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0 0.5 1 1.5 2+ Ventilation 71% Improvement Relative Risk ICU admission 61% Vitamin A  Tomasa-Irriguible et al.  Sufficiency Are vitamin A levels associated with COVID-19 outcomes? Retrospective 120 patients in Spain (March - May 2020) Lower ventilation (p=0.001) and ICU admission (p=0.004) Tomasa-Irriguible et al., Metabolites, Oct 2020 Favors vitamin A Favors control

Low Levels of Few Micronutrients May Impact COVID-19 Disease Progression: An Observational Study on the First Wave

Tomasa-Irriguible et al., Metabolites, doi:10.3390/metabo11090565 (date from preprint)
Oct 2020  
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Vitamin A for COVID-19
12th treatment shown to reduce risk in January 2021
*, now known with p = 0.045 from 12 studies.
Lower risk for recovery.
No treatment is 100% effective. Protocols combine complementary and synergistic treatments. * >10% efficacy in meta analysis with ≥3 clinical studies.
4,000+ studies for 60+ treatments.
Retrospective 120 hospitalized patients in Spain showing vitamin A deficiency associated with higher ICU admission.
Study covers vitamin A, vitamin D, and zinc.
risk of mechanical ventilation, 71.4% lower, RR 0.29, p = 0.001, high vitamin A levels 4 of 34 (11.8%), low vitamin A levels 48 of 86 (55.8%), NNT 2.3, adjusted per study, inverted to make RR<1 favor high vitamin A levels, odds ratio converted to relative risk, ≥0.3 mg/L, multivariate logistic regression.
risk of ICU admission, 61.3% lower, RR 0.39, p = 0.004, high vitamin A levels 6 of 34 (17.6%), low vitamin A levels 54 of 86 (62.8%), NNT 2.2, adjusted per study, inverted to make RR<1 favor high vitamin A levels, odds ratio converted to relative risk, ≥0.3 mg/L, multivariate logistic regression.
Effect extraction follows pre-specified rules prioritizing more serious outcomes. Submit updates
Tomasa-Irriguible et al., 26 Oct 2020, retrospective, Spain, peer-reviewed, 7 authors, study period March 2020 - May 2020.
This PaperVitamin AAll
Low Levels of Few Micronutrients May Impact COVID-19 Disease Progression: An Observational Study on the First Wave
Teresa-Maria Tomasa-Irriguible, Lara Bielsa-Berrocal, Luisa Bordejé-Laguna, Cristina Tural-Llàcher, Jaume Barallat, Josep-Maria Manresa-Domínguez, Pere Torán-Monserrat
Metabolites, doi:10.3390/metabo11090565
We report an observational study performed between March and May 2020 in a Spanish university hospital during the SARS-CoV-2 pandemic. The main objective was to analyse the association between the levels of micronutrients in severe COVID-19 patients and their outcome. Adult patients with a positive polymerase-chain-reaction (PCR) for SARS-CoV-2 in the nasopharyngeal swab or in tracheal aspirate culture in the case of intubation were included. Micronutrient data were obtained from plasma analysis of a standard nutritional assessment performed within the first 24 h of hospital admission. Vitamins A, B 6 , C and E were analysed with HPLC methods; 25-OH-vitamin D by immunoassay and zinc by colorimetric measurements. One hundred and twenty patients were included. We found that 74.2% patients had low levels of zinc (normal levels >84 µg/dL) with a mean value of 63.5 (SD 13.5); 71.7% patients had low levels of vitamin A (normal levels >0.3 mg/L) with a mean value of 0.17 (SD 0.06); 42.5% patients had low levels of vitamin B 6 (normal levels >3.6 ng/mL) with a mean value of 2.2 (SD 0.9); 100% patients had low levels of vitamin C (normal levels >0.4 mg/dL) with a mean value of 0.14 (SD 0.05); 74.3% patients had low values of vitamin D (normal levels >20 ng/mL) with mean value of 11.4 (SD 4.3); but only 5.8% of patients had low levels of vitamin E (normal levels >5 mg/L) with a mean value of 3.95 (SD 0.87). The variables associated with the need for ICU admission were low levels of zinc (standard error 0.566, 95% CI 0.086 to 0.790, p = 0.017), low levels of vitamin A (standard error 0.582, 95% CI 0.061 to 0.594, p = 0.004), age over 65 (standard error 0.018, 95% CI 0.917 to 0.985, p = 0.005) and male gender (standard error 0.458, 95% CI 1.004 to 6.040, p = 0.049). The only variable that was independently associated with the need for orotracheal intubation was low levels of vitamin A (standard error 0.58, 95% CI 0.042 to 0.405, p = 0.000). Conclusions: Low levels of vitamin A and zinc are associated with a greater need for admission to the ICU and orotracheal intubation. Patients older than 65 years had higher mortality. Randomized clinical trials are needed to examine whether micronutrient supplementation could be beneficial as an adjunctive treatment in COVID-19.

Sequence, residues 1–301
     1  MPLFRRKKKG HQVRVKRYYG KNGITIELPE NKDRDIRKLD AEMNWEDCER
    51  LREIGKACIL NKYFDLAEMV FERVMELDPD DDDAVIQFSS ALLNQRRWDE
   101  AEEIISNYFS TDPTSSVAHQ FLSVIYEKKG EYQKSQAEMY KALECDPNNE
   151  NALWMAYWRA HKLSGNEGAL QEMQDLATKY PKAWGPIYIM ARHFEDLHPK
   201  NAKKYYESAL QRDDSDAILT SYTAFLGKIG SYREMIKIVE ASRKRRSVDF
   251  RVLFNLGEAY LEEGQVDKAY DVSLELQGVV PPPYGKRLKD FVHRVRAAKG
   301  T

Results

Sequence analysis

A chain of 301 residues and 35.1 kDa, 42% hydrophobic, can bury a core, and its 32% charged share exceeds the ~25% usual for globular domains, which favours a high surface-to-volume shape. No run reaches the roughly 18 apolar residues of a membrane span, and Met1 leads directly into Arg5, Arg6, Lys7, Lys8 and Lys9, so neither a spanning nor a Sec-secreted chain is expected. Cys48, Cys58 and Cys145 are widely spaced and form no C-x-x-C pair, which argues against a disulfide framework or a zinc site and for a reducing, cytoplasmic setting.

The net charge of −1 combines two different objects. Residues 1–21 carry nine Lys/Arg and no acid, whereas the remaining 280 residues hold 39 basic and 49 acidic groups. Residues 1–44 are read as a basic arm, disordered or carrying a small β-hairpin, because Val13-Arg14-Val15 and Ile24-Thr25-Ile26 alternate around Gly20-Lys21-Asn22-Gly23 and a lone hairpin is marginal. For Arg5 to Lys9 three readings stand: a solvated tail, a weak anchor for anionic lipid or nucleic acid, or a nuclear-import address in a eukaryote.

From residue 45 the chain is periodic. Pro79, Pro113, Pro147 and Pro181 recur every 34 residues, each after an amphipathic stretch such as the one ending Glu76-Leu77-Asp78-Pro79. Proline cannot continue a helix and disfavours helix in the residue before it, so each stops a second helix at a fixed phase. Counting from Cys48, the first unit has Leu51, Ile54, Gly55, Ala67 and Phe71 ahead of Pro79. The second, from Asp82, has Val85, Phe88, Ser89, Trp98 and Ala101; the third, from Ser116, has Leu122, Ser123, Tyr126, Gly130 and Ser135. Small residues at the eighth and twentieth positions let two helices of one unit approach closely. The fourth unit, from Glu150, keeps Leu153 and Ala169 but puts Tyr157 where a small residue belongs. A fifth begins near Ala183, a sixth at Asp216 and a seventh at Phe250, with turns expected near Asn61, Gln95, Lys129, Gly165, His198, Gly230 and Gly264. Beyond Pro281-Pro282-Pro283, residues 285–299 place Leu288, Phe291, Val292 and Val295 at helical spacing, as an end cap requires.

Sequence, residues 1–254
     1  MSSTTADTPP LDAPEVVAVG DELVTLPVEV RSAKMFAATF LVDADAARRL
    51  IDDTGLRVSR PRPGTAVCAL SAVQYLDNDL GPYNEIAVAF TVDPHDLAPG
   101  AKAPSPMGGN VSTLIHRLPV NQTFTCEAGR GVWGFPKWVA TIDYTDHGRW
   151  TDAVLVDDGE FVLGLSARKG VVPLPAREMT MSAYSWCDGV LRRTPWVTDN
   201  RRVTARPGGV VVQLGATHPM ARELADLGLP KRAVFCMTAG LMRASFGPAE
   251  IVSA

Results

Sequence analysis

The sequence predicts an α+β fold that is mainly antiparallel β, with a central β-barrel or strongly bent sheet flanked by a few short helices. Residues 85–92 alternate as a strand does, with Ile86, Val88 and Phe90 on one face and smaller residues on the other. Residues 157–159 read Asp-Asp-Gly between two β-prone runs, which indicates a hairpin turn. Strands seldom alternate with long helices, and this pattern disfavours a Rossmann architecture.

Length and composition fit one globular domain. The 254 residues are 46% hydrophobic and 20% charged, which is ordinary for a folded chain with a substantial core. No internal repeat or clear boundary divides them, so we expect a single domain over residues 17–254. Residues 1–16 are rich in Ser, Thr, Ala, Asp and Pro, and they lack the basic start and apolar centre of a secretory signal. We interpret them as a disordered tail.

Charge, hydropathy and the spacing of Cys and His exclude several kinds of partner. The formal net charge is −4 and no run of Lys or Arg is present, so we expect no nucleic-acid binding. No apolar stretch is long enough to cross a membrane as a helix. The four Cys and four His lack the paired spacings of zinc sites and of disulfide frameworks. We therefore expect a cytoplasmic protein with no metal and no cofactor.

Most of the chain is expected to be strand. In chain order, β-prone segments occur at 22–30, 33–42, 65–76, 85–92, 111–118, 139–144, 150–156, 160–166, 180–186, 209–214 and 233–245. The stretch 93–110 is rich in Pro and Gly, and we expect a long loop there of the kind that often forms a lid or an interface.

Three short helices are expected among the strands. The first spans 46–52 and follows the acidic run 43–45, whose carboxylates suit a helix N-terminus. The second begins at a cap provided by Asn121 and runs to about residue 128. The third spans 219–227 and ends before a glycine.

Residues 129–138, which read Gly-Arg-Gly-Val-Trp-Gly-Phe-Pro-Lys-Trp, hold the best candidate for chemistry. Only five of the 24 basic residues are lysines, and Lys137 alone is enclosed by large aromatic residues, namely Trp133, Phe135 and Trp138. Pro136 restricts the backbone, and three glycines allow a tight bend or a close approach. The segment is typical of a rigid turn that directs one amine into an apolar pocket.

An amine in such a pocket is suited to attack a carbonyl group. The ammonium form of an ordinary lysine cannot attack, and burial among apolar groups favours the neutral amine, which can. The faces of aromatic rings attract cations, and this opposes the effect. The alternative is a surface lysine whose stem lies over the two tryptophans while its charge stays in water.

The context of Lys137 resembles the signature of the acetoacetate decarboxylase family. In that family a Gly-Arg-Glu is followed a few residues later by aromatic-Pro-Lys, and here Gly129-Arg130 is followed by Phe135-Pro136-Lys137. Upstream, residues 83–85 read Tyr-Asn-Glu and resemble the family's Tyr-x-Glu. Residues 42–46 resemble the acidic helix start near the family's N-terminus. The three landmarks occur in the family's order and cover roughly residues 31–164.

Informed Consent Statement: Patient consent was waived due to the retrospective analyses of data obtained from an anonymized data base obtained from the Information Systems of the Center. Conflicts of Interest: The authors declare no conflict of interest. The funders had no role in the design of the study; in the collection, analyses, or interpretation of data; in the writing of the manuscript, or in the decision to publish the results.
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